But it wasn’t just offhand, ill-considered comments. The government was even complicit back then. The Potemkin department for overseeing discriminatory issues in Japan, the Ministry of Justice’s Bureau of Human Rights (which has only advisory, not punitive powers), actually coached the Otaru City Government in writing NOT to do anything about their “Japanese Only” bathhouses — because, they argued, it would legally carry no penalty!
And that’s only talking about the discrimination that’s clearly signposted. Now consider, for example, renting an apartment in Japan or trying to get a job at the “Hello Work” unemployment agency. Racist landlords and corporate practices are so normal that explicitly stating “no foreign applicants” in their descriptions is perfectly acceptable.
This is all really funny, because Japan signed a United Nations treaty in 1995 (the CERD) in which it promised to take all effective measures to eliminate all forms of racial discrimination. As the Naha Case proves nearly 30 years later, Japan was just going through the motions of a “developed country,” signing treaties without any intention to enforce them.
So why not just go elsewhere and spend your money at a place that won’t exclude you? Because the problem with leaving “Japanese Only” signs up is that covert discrimination in Japan becomes overt. Racism becomes an option for any bigot who obviously need fear no penalty.
History bears this out. After the Otaru Case made national and international news after 1999, exclusionary signs and rules spread nationwide across industries. This included bars, discos, internet cafes, restaurants, stores and shops, hotels, realtors, schools, and even hospitals. It goes without saying, but these industries have a fundamental impact on a minimum standard of living. It’s not just a matter of getting a drink in a bar. If there’s ever even the possibility that you can’t shop, stay, reside, receive an education, or get medical treatment, you’re in trouble.
So if you leave discrimination alone, it not only spreads — it mutates. Consider the most elaborate exclusionary sign I ever saw: “Chinese and naturalized citizens, war orphans, and children with mixed Chinese blood are absolutely refused entry. Only pure-blooded Japanese males only.” That’s grounded in some mighty specific prejudices.
But why do these places exclude in the first place? In my interviews over more than a decade, their standpoints range from, “Foreign customers were disruptive to my business” to “I personally hate foreigners.” Some who thought their prejudice through a bit more cite an apparently exclusive clientele that want their dining or bathing experience to be “foreigner-free.” Even those who never dealt with a foreign customer cited rumor to claim that something bad might happen, so the signs were a preventative measure.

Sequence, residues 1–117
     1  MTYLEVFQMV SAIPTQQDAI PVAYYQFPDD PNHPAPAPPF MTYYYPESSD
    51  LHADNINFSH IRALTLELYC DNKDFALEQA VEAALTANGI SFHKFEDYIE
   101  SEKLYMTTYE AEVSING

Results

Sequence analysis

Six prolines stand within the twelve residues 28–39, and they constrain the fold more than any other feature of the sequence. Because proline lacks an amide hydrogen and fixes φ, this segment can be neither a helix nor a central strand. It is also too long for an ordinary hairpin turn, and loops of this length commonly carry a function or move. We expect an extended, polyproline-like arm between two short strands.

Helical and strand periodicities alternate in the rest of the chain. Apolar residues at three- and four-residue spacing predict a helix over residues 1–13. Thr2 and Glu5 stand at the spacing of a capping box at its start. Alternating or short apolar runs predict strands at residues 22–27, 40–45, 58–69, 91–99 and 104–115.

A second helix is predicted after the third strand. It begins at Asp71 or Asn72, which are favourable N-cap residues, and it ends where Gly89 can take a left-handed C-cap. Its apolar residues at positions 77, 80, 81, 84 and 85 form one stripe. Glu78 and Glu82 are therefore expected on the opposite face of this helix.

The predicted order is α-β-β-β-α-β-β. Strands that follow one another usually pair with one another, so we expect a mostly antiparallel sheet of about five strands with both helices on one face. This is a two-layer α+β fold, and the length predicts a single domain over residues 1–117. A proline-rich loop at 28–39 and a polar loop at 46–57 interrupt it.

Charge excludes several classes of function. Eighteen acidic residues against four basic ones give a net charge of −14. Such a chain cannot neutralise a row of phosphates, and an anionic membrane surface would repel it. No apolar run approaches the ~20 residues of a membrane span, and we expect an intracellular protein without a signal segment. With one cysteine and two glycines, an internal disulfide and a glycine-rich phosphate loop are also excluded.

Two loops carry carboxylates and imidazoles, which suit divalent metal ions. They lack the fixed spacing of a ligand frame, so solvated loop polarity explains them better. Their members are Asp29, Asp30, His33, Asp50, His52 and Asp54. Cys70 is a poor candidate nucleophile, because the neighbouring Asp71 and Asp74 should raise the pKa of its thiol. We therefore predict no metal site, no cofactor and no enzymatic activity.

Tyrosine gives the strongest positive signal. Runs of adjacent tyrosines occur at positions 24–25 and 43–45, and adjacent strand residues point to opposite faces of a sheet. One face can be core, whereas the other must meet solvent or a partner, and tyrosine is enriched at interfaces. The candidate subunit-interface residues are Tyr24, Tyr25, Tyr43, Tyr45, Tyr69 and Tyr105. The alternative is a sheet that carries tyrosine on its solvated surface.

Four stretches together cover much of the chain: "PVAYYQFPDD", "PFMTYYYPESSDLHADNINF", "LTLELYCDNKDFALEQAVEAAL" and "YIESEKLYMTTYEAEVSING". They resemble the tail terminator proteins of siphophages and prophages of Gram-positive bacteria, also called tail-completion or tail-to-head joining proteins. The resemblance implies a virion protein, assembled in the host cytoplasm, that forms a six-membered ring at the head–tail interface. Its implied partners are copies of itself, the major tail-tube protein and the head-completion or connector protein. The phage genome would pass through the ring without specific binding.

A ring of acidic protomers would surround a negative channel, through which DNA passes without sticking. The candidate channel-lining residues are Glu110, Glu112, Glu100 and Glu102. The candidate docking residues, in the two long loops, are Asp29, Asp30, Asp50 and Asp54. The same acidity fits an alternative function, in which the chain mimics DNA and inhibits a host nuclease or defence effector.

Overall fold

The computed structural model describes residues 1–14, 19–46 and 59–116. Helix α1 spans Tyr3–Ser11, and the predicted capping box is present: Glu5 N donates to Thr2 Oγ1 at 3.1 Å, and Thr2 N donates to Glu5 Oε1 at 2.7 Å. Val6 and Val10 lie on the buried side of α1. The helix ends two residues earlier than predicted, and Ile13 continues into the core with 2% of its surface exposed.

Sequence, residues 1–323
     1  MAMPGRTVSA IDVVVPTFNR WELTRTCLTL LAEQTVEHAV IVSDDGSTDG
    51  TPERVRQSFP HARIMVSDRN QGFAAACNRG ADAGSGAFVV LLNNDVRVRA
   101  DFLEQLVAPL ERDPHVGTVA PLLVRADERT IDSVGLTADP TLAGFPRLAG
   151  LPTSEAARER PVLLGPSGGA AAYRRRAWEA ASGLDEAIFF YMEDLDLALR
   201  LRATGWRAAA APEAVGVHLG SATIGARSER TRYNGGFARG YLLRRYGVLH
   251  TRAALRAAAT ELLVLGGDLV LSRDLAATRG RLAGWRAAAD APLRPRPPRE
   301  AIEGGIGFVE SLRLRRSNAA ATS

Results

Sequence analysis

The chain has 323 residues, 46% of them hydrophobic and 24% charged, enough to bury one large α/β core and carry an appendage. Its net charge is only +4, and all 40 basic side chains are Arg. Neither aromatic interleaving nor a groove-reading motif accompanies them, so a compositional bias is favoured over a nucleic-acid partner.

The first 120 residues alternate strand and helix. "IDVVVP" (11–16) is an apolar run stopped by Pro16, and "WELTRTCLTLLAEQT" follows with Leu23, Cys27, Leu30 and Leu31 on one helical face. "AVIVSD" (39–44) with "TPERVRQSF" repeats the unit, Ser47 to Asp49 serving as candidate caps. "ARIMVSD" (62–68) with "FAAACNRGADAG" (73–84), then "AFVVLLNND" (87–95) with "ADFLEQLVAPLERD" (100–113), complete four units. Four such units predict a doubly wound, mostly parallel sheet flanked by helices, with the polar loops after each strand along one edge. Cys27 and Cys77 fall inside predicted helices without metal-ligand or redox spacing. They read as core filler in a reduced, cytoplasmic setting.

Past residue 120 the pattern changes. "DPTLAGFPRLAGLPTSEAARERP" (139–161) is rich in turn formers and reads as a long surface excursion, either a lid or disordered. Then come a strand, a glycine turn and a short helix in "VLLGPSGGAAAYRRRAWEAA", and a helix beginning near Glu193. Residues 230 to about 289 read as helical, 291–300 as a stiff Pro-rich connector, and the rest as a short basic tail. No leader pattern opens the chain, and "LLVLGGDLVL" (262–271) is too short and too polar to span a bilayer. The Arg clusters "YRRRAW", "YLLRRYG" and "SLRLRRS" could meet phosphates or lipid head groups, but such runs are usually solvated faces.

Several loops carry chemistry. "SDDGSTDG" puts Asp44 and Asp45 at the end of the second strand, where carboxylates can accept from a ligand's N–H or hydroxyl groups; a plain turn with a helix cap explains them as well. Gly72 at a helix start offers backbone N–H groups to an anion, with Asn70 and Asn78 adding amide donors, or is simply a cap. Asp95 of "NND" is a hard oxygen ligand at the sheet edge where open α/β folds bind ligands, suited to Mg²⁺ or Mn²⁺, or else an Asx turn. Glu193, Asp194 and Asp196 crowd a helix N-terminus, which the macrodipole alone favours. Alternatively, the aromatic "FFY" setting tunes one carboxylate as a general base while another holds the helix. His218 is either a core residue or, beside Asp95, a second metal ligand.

All point to a pretty simple logic: If foreigners are let in, they’ll go bankrupt because Japanese customers will stay away. (Even though plenty of these places went under anyway despite their exclusionary policies. So maybe it wasn’t the foreigners after all.)
But here’s the most insidious thing: enforcement. To the gatekeepers, a “foreigner” can be determined on sight. This happened in practice when people who didn’t “look Japanese” enough were still refused entry even after they showed proof of Japanese citizenship. That means they excluded by race, not nationality. “Japanese Only” signs exclude Japanese too.
So you see, the “Japanese Only” sign in Naha was nothing new or all that simple. What’s new is that the Okinawa media and the local government played a role in getting it down.
After decades of thinking about this, I’ve come to the conclusion that seems to be the best route.
With the Otaru Case, we tried everything else. We spent more than a year negotiating with the exclusionary businesses, the local, regional, and national governments, and the general public. Then we spent much money and many years in Civil Court trying to get one place to open their doors and one government to take responsibility for their years of negligence. I even took the Otaru Case to Japan’s Supreme Court in 2005, which stunningly denied cert because it somehow “didn’t involve any Constitutional issues.” At least the courts formally acknowledged that “Japanese Only” signs are in fact “racial discrimination.” But that was a lot of energy spent on one bathhouse. Now try doing that for all the other places that exclude foreigners.
As the Naha Case shows, the most effective way to get an exclusionary sign down is to get it in the media and make the government fear an impact on local tourism. In a society where issues of human rights perpetually take a back seat to business ethics (which, in any society, would happily make money selling poison to the public as long as there’s no law to stop them), you really have few other reliable or effective options in Japan.
Sad to say, but it’s as simple as that.